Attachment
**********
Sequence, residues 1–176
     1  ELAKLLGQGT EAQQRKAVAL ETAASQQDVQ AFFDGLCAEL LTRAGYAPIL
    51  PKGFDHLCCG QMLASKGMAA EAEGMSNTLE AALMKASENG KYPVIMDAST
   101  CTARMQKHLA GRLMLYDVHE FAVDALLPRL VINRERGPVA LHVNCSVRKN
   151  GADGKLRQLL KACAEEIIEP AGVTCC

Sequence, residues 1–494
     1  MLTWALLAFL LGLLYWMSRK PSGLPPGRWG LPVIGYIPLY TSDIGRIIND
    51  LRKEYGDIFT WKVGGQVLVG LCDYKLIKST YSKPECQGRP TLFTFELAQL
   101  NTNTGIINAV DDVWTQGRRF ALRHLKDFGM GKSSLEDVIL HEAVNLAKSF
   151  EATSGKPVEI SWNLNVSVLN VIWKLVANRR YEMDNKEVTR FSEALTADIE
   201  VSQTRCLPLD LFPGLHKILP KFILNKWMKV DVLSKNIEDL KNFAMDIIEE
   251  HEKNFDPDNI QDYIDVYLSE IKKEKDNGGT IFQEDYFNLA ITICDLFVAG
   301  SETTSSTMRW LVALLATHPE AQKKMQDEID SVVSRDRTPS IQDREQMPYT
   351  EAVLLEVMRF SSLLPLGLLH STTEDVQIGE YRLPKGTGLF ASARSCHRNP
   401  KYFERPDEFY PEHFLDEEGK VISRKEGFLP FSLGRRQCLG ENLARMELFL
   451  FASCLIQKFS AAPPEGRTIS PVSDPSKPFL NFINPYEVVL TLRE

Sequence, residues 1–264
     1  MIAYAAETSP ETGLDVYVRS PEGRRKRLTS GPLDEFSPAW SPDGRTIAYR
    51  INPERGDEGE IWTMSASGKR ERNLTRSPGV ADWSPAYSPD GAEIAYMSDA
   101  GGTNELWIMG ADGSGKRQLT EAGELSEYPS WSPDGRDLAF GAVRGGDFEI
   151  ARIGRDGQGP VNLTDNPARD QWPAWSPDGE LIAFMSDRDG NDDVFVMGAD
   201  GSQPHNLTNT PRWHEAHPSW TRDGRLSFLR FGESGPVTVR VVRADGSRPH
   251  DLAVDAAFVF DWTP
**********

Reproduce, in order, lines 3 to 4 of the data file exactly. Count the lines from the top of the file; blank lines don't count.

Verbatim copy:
    51  PKGFDHLCCG QMLASKGMAA EAEGMSNTLE AALMKASENG KYPVIMDAST
   101  CTARMQKHLA GRLMLYDVHE FAVDALLPRL VINRERGPVA LHVNCSVRKN